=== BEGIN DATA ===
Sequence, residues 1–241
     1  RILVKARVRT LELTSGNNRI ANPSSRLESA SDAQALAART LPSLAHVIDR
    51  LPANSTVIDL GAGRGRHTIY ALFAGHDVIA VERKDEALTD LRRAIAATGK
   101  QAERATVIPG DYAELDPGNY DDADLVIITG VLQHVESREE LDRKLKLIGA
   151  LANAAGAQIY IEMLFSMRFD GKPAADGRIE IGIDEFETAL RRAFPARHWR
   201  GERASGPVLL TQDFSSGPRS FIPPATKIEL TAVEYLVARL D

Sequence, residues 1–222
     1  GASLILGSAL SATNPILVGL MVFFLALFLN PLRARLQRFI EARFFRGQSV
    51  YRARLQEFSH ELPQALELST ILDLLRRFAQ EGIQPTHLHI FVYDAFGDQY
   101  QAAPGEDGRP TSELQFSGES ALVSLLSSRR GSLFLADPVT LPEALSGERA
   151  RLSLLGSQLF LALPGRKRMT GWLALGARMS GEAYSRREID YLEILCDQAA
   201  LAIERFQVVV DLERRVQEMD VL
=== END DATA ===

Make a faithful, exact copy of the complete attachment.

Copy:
Sequence, residues 1–241
     1  RILVKARVRT LELTSGNNRI ANPSSRLESA SDAQALAART LPSLAHVIDR
    51  LPANSTVIDL GAGRGRHTIY ALFAGHDVIA VERKDEALTD LRRAIAATGK
   101  QAERATVIPG DYAELDPGNY DDADLVIITG VLQHVESREE LDRKLKLIGA
   151  LANAAGAQIY IEMLFSMRFD GKPAADGRIE IGIDEFETAL RRAFPARHWR
   201  GERASGPVLL TQDFSSGPRS FIPPATKIEL TAVEYLVARL D

Sequence, residues 1–222
     1  GASLILGSAL SATNPILVGL MVFFLALFLN PLRARLQRFI EARFFRGQSV
    51  YRARLQEFSH ELPQALELST ILDLLRRFAQ EGIQPTHLHI FVYDAFGDQY
   101  QAAPGEDGRP TSELQFSGES ALVSLLSSRR GSLFLADPVT LPEALSGERA
   151  RLSLLGSQLF LALPGRKRMT GWLALGARMS GEAYSRREID YLEILCDQAA
   201  LAIERFQVVV DLERRVQEMD VL